HE CAME from a good Catholic family in France; moreover, from the Jesuits he received a good education.
However, the brilliant mathematician-philosopher, Rene Descartes, shocked many of his family, friends and teachers when he “sowed his wild oats.”
First, against all expectations Descartes, discharged from the army and diplomatic corps, “kept house” with a Dutch girl from Amsterdam. A daughter, their love-child, was often presented as his “niece.”
Secondly, following the example of the Italian scientist, Galileo Galilei, he sharply criticized the Church. Only threats of excommunication and putting his writings in the Index of Forbidden Books kept him quite.
Thirdly, people gossiped saying “Something’s fishy is going on in Denmark, er, Sweden,” as spicy but ugly rumors went around Stockholm. On the pretext of teaching philosophy to the Queen of Sweden, Descartes went to her chambers even before the break of dawn. When he on February 11, 1651, in Stockholm, a city dreaded for its bitter winters, Descartes’ mortal remains were laid to rest in that city. But like the wandering lifestyle he had led, his body was later transferred to the Church of St. Etienne du Mont in France. Finally, his relatives and friends arranged for his final resting place in the Abbey of Saint-Germaine-des-Pres in Paris.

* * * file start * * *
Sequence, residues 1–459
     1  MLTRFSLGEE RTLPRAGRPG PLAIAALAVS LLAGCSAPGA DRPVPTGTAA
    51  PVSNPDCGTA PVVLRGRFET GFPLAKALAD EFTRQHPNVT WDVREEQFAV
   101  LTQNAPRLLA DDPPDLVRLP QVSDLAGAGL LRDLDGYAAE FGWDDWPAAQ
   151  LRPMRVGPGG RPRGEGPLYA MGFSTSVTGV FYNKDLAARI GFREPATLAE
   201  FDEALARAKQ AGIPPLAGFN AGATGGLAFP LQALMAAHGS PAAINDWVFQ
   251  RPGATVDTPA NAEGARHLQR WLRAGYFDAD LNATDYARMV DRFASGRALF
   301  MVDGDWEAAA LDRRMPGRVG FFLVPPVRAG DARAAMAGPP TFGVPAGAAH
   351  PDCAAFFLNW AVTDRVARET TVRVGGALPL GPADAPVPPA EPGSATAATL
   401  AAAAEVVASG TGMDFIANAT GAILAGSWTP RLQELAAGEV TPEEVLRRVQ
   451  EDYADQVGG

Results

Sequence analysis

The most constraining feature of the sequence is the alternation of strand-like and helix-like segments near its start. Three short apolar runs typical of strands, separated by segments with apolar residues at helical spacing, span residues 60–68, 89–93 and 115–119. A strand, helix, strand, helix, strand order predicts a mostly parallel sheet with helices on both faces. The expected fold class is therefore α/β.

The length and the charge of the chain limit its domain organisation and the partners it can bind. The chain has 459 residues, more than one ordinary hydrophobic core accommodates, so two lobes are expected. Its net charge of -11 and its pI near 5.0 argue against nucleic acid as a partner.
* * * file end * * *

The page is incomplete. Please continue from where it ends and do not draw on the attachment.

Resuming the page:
His being finally laid to rest in a Catholic church was a sign that Holy Mother Church welcomed back a problematic son, the man who revolutionized the world of philosophy and science with his famous dictum, “I think, therefore, I am.” (Cogito, ergo sum.)